Just over half that amount has already been emitted since the beginning of the Industrial Revolution, and at current rates of energy consumption, the trillionth ton will be released around 2040, according to calculations by Myles R. Allen, a scientist at the University of Oxford and one of the authors of the new report.
(emphasis mine) So to answer your question: The trillion tons is an estimate of what we would need to burn in order to hit an internationally agreed limit that would likely produce the worst effects of climate change. The number of tons we burn is even an estimate. It's all estimates because we don't have parallel Earths where we can keep controls and change one variable to see what happens. If you don't accept the ability of making estimates with levels of certainty, there is no way to make any statements about the effects of putting carbon into our atmosphere on a global scale.
These guys are looking dumber all the time.
I suppose it would appear that way if you only get your information from The New York Times and throw away everything they're actually saying.
Yes, I bet the friends and especially the families of CEOs (Cook's base salary $1.4 million, cash bonus $2.8 million in 2012) suffer a lot, more than those of the remaining citizens. Not to forget the grief that especially Cook has with all the criticism that Apple does almost pay no taxes.
More on topic: I can well imagine how life prolongement via Google would look like sensors and actors controlled by Google (get your life stream optimized on our servers).
Kills the motivation to read on immediately.
Quote from WikiPedia "... On the ground, Engineers drive at breakneck speed on crowded roads without fear of collision, and upon reaching destination, will dismantle their cars so they won’t take too much parking space.".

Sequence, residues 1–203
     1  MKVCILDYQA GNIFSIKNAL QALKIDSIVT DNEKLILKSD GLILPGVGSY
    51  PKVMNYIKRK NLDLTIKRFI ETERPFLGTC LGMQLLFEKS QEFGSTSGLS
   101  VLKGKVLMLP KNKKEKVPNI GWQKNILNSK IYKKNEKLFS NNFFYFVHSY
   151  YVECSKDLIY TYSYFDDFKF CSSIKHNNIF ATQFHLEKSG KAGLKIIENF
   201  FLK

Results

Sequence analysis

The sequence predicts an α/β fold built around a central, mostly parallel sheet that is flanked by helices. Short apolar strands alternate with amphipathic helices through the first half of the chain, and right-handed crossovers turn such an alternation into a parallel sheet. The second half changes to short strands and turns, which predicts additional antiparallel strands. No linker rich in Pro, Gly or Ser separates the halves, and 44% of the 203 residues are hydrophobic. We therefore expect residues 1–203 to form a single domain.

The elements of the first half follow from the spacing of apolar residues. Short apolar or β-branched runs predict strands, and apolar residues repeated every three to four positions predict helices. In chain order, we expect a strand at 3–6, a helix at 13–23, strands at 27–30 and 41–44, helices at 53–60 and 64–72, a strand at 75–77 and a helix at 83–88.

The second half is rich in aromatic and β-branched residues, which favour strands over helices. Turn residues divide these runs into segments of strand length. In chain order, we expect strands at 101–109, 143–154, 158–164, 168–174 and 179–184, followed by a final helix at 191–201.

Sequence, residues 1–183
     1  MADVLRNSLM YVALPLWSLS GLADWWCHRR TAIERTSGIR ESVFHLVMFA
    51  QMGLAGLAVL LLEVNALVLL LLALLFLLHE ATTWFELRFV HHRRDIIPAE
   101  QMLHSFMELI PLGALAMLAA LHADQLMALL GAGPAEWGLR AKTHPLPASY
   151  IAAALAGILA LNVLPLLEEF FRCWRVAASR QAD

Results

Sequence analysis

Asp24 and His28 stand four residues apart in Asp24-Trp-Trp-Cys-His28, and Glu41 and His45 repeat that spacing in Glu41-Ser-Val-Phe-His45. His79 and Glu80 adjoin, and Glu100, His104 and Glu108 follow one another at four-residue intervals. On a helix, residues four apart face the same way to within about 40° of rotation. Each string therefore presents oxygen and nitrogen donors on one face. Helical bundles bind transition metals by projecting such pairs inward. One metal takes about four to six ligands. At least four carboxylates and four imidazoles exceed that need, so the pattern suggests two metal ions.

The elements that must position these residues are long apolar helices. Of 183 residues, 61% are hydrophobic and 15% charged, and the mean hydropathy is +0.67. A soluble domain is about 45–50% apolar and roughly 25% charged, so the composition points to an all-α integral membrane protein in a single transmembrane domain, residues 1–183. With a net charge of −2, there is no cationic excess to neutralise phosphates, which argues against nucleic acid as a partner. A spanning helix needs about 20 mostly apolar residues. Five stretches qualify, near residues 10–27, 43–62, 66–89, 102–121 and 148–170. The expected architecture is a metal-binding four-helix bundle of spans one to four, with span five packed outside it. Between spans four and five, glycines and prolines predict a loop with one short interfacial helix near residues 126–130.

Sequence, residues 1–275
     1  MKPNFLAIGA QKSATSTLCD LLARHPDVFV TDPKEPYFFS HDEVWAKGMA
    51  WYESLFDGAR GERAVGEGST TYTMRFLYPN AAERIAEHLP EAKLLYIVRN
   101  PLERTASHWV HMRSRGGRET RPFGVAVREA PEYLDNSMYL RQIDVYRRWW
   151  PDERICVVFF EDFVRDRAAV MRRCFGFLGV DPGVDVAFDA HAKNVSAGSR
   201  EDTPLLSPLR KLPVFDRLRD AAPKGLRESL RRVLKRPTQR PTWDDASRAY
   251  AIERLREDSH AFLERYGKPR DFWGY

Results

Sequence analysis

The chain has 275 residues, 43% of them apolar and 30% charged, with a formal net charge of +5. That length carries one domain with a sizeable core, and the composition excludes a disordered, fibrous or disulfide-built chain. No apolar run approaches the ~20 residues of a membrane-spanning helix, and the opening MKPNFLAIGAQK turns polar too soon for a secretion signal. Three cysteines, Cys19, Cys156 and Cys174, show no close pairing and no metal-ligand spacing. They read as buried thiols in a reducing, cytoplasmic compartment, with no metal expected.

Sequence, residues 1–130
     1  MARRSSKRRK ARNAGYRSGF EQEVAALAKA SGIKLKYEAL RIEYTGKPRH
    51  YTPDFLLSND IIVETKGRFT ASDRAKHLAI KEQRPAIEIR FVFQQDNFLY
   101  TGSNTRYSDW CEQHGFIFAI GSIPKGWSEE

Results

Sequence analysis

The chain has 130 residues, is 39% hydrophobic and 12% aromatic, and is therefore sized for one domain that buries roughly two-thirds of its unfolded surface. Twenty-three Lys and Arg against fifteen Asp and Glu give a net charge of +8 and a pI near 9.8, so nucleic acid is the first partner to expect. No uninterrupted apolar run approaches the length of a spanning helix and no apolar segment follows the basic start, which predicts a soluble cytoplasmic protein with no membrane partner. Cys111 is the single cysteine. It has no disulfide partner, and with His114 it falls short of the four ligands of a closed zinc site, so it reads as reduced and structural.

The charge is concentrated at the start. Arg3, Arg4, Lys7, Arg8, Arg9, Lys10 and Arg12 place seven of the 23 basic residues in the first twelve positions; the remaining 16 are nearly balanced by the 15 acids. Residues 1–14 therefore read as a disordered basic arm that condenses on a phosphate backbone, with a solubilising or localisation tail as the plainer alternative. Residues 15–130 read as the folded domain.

Also, one can find hints regarding driving habits: "Korean drivers don’t rely on (or follow) rules, just what they can see (i.e. anyone may do anything at any time, so a driver must be vigilant)." ( http://koreanalyst.wordpress.com/2009/06/24/driving-in-korea-vs-america/ ).
Link to Original Source
If it wasn't for all the false reporting about conditions at Foxconn, I might take this seriously.
"All the false reporting" was one nutjob who was confusing journalism with stage performance. A stark difference between Mike Daisey and China Labor Watch is their falsifiable report that, unlike Daisey's heart wrenching anecdotal stories, can be checked.
At Pegatron, over 10,000 underage and student workers (interns), from 16 to 20 years of age, work in crowded production rooms, doing the same work as formal, adult workers. But some students are paid lower wages because schools deduct fees for the internship, while other students will not have their wages paid to them on time.
CLW’s investigations revealed at least 86 labor rights violations, including 36 legal violations and 50 ethical violations. The violations fall into 15 categories: dispatch labor abuse, hiring discrimination, women’s rights violations, underage labor, contract violations, insufficient worker training, excessive working hours, insufficient wages, poor working conditions, poor living conditions, difficulty in taking leave, labor health and safety concerns, ineffective grievance channels, abuse by management, and environmental pollution.
Did you read the report? It's got hard numbers and straight up accusations with defined conditions that can be checked. It's not like "I met a little girl who polished my iPhone." Instead it's like "A dorm room at Pegatron can accommodate 12 people. From Monday to Friday, residents have to clock-in within 24 hours or else they will be considered checked out of the dorm." or "The Pegatron factories had a list of discriminatory hiring practices, including refusing to hire people shorter than 4 foot 11 inches tall, pregnant women, those older than 35, people with tattoos, or people of the Hui, Tibetan, or Uighur ethnic groups."